Nquthu, a sleepy town in Umzinyathi District Municipality, in KwaZulu-Natal, may be off the beaten track and not on your radar. But today’s local elections may give us a glimpse of the future of South Africa’s electoral dynamics.
The local council, situated 24km southwest of Barklieside and 53km east of Dundee, and deriving its name from ingqutu (‘flat-topped vessel’), describing a nearby hill, had to be dissolved by the provincial cooperative governance and traditional affairs MEC Nomusa Dube-Ncube in February.
This was after warring parties in the municipality failed to elect office bearers to constitute council since the outcome of August 3 local government election in 2016.
The relatively small municipality has 35 seats in its council. The inability to constitute council, a requirement in law after local election results are announced, was caused by cracks that occurred between the various alliances jostling for power.
Last year’s local elections results, predicted by most political analysts, appeared to have caught the ruling party off-guard, as it shed voters even in some of its traditional rural strongholds.
In this municipality, as the Independent Newspaper (IOL) reported at the time, the (IFP) formed a “loose” alliance with the DA and the EFF. This resulted in a one-seat majority over their rival alliance.
The rival alliance consisted of the ANC and other smaller parties. The IFP-lead alliance held 18 seats, while the ANC alliance obtained 17.
The council failed, after several attempts, to hold elections for the mayor, speaker, chief whip and MMCs due to what DA and IFP termed as “disruptions of council sittings by the ANC”. The ANC seemed to have never refuted this claim.
The hung council descended into a governance crisis when it could not appoint a municipal manager. This could not be done without first finalising the executive authority positions in the council.
What also compounded this situation was breakdown in service delivery as residents had no one to hold accountable for this dereliction of duty for almost 10 months.
Another difficulty, as The Sowetan outlined, was the repercussion the dysfunctional council was creating for the Umzinyathi municipality.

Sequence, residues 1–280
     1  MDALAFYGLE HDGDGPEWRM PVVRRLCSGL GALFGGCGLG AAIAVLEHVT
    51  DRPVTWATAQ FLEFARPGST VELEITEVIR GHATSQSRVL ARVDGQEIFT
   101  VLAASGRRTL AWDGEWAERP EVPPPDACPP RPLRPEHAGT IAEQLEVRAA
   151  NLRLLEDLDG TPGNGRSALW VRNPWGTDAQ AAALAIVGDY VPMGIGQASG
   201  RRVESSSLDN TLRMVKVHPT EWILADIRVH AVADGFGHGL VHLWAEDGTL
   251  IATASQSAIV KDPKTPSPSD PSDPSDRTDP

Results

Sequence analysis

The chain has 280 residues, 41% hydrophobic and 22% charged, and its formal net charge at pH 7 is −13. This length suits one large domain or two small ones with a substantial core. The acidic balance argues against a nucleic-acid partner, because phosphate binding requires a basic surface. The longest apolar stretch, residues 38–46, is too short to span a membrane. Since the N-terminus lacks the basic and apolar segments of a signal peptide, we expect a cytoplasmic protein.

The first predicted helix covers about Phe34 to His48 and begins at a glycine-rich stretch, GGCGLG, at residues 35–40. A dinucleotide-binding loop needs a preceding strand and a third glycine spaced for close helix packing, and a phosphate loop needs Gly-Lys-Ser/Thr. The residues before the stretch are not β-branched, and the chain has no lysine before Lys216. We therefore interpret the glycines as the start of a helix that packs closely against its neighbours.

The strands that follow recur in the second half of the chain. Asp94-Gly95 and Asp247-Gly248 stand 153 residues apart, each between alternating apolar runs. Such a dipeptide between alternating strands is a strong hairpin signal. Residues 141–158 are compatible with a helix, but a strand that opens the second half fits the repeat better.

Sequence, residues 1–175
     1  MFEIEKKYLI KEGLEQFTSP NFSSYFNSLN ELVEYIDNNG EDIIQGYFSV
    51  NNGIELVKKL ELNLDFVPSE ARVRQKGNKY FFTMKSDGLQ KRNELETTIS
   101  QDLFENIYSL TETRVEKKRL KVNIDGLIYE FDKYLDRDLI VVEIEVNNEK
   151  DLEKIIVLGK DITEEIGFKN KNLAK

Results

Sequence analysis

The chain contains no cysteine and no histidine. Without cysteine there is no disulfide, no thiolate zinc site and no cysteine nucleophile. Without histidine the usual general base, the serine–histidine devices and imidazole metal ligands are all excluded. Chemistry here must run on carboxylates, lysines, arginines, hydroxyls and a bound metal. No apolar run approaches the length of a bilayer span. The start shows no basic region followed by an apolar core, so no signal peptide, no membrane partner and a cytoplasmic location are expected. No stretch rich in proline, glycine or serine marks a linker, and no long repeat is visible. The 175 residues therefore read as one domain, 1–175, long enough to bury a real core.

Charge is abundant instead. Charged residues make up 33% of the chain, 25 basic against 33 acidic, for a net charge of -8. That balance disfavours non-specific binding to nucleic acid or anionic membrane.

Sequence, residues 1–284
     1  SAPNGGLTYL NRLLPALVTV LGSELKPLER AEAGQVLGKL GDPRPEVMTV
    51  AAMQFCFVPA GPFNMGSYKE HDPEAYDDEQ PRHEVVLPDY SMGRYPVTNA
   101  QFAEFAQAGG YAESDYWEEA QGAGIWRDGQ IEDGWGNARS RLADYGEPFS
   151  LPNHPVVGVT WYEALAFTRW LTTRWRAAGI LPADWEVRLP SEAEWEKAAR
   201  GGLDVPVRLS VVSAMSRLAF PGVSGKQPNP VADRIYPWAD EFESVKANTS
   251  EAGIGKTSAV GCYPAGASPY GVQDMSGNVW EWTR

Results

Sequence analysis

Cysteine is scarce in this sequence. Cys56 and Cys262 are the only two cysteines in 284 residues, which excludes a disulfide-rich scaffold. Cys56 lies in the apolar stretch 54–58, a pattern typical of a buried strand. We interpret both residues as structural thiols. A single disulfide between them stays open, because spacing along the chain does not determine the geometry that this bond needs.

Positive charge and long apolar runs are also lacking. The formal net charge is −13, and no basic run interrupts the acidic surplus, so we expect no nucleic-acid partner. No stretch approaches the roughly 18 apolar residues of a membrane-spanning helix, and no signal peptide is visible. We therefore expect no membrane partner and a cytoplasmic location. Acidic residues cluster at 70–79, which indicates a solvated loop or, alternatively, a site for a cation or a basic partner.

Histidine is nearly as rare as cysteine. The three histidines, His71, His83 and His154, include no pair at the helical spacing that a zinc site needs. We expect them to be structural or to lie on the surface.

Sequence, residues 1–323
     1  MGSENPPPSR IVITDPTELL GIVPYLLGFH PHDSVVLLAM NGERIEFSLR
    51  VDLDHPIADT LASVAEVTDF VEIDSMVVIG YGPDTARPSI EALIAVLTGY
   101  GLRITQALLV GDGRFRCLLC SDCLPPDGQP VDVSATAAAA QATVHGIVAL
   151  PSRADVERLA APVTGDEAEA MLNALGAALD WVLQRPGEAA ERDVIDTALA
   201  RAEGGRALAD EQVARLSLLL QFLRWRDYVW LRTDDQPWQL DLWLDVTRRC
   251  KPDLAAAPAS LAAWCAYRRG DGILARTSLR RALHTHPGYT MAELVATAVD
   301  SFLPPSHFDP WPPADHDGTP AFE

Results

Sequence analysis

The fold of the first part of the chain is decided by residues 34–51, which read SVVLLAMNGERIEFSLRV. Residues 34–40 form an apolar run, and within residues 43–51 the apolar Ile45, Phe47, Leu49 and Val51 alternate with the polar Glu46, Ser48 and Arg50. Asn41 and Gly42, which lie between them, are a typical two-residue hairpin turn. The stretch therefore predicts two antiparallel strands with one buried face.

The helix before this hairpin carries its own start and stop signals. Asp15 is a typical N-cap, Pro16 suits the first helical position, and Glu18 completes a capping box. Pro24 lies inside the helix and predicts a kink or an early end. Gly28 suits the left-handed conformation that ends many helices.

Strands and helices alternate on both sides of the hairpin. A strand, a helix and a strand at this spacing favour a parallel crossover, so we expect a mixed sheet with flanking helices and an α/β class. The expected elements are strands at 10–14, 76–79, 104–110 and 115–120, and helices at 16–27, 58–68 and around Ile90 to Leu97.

The district could not convene council meetings without Nquthu. In terms of local government legislation, all four local council have to elect officials before a district council is constituted.
The other three local municipalities in the councils are Msinga in Tugela Ferry and eNdumeni in Dundee (IFP-controlled) and uMvoti in Greytown (ANC-controlled).
This is when the provincial cooperative governance department placed the municipality under administration, and later the MEC used section 139 (1)(c) of the constitution to dissolve the council.
81 000 voters are today expected to unhinge their municipality. Provincial electoral officer Mawethu Mosery told the media this morning he received a “security breifing” that assured him all would be peaceful and orderly.
But The Sowetan reported that DA candidate Zanele Masondo “was allegedly attacked by a rival political supporter in her shop”, while Sphamandla Ngobese‚ an ANC activist, was killed. The Hawks also arrested IFP and EFF candidates “after allegations of a plot to assassinate some ANC councillors”.
Despite this, the rural town experienced an uncharacteristically robust campaigning generally associated with metro councils.
Political bigwigs were sent to woo voters. The ANC dispatched Cyril Ramaphosa, Baleka Mbete Gwede Mantashe‚ Zweli Mkhize, Nkosazana Dlamini-Zuma and other NEC members.
The opposition responded with their big guns too.
Mangosuthu Buthelezi and Mmusi Maimane canvassed in the area, while Juliu Malema, with Mbuyiseni Ndlozi in tow, pleaded with local voters to vote for whoever they wished for as long as “it is not the corrupt ANC”.